South of Hot Springs travelers will enter the Ouachita Mountains which are noted for wide valleys, rich agricultural lands, timbered mountains and abundant wildlife. The Ouachita Mountains are unique in that they are the only mountain range in the U.S. whose ridges and valleys are oriented west to east.
Next is the Arkansas River valley between the Ouachita and Ozark Mountains. Since the earliest days of European settlement in Arkansas, this valley has been an important transportation corridor and has been served by flatboats, keelboats, and steamboats, and the overland stage coach.
In the northwest portion of Arkansas, Scenic 7 traverses the Ozark Mountains. This region is famous for its colors, particularly in the fall when the oak-hickory forest turns to yellows, oranges, and reds contrasted by bright green pines and the spring when the dogwoods, redbuds, wild plums, and wildflowers bloom. The Ozark Mountains are also noted for their clear mountain streams.
Boston Mountains Scenic Loop
Two separately designated routes make up the Boston Mountains Scenic Loop.
Highway 71 from Dean’s Market to Fayetteville was designated as an Arkansas Scenic Byway in 1998. Scenic Highway 71 begins at the edge of the Arkansas River Valley and extends 42 miles across the Ozark Mountains to Fayetteville. These rugged mountains are home to quaint craft shops, mountaintop lodging, and spectacular vistas.
Interstate 540 from Dean’s Market to Fayetteville was designated as an Arkansas Scenic Byway in 1999. This byway roughly parallels Highway 71 and also begins at the edge of the Arkansas River Valley, winding 38 miles north to Fayetteville. Constructed through very rugged terrain in the Ozark Mountains, this route includes several high-span bridges and the State’s only highway tunnel, the Bobby Hopper Tunnel.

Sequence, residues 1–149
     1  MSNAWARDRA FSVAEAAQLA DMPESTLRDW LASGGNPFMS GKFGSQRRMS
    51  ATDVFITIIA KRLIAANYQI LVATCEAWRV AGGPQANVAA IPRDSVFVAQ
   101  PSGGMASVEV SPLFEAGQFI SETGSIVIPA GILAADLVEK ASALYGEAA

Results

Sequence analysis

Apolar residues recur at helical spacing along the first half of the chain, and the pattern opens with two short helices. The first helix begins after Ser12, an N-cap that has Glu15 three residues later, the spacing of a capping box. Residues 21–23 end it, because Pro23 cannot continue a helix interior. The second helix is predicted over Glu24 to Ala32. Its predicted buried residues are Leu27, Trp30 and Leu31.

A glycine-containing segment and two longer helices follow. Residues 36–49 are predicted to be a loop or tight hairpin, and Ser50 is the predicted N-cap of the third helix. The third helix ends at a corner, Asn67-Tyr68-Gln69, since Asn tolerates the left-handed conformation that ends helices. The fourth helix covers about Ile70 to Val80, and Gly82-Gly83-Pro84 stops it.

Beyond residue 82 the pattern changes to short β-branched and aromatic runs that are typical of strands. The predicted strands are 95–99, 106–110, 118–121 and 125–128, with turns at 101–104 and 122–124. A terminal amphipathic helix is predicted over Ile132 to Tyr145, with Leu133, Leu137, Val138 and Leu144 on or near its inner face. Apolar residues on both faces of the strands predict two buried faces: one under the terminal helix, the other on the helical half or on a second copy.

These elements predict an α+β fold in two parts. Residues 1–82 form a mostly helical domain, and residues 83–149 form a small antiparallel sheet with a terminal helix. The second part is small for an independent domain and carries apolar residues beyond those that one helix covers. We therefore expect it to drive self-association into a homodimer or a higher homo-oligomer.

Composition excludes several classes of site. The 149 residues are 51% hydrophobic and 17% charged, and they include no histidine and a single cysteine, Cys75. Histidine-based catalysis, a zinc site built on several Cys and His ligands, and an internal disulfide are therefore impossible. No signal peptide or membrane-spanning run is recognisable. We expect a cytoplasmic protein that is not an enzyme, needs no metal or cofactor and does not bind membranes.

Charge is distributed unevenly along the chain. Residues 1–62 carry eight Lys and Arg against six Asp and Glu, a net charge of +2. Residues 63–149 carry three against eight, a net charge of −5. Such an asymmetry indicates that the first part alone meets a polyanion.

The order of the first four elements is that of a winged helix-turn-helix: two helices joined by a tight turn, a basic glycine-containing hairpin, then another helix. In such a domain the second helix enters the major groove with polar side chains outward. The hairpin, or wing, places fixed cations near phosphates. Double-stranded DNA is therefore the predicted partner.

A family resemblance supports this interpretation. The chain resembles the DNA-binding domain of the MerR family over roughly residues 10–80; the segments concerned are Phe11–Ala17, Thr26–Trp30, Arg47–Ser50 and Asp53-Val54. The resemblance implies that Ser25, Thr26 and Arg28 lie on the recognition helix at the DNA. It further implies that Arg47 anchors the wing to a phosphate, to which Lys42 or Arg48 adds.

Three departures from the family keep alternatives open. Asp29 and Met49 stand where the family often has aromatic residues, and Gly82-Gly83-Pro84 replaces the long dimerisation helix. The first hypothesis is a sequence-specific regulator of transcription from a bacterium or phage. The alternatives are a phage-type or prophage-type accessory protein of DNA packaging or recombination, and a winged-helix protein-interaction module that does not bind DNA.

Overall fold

This byway is known for its spectacular views of the oak-hickory forested mountains and small farms nestled in picturesque valleys.
Highway 21/Ozark Highlands Scenic Byway
For 35 miles, Highway 21 from Highway 64 to the Buffalo National River traverses the Boston Mountains region of the Ozark Mountains. The Byway, designated in 2005, offers a serene drive through the Ozark National Forest as well as many recreational opportunities and striking vistas before arriving at the nation’s first National River. Watch for elk near the Buffalo National River, deer, black bear and eagles.
Open Map (.pdf)
Designated as a State Scenic Byway in 2001, this Scenic Byway extends 15 miles from Highway 256 in White Hall to Highway 65 southeast of Pine Bluff. I-530 traverses part of the 300-mile long Bayou Bartholomew, the world’s longest bayou. These wetlands are populated by bald cypress trees, an assortment of birds and waterfowl and more than a hundred species of fish, as well as otters and alligators.
Open map (.pdf)
Mount Magazine Scenic Byway/Highway 309
This 45-mile portion of Highway 309 was designated as an Arkansas Scenic Byway in 1994. This byway starts at highway 10 in Havana and proceeds north over Mount Magazine, the highest point in Arkansas at 2,753 feet. This mountain was named by French explorers who recognized a resemblance to magazines used by the French military to store ammunition.
North of Mount Magazine, Highway 309 descends into the rich farmland of the Arkansas River Valley where it ends at Highway 23 in Webb City.
Open Map (.pdf)
Pig Trail Scenic Byway
The Pig Trail Scenic Byway is a Forest Service Scenic Byway. Beginning in the southeast corner of the Ozark National Forest near I-40, The Byway extends north along Highway 23 for 19 miles to Highway 16 at Brashears. With its many steep inclines and sharp curves, driving the Pig Trail may be likened to riding a roller coaster. Trees crowd the roadside, creating a shady corridor during the summer in some areas and display stunning fall color. Very little development has occurred along this route, offering travelers a glimpse of the Ozarks that would have been familiar to the early settlers.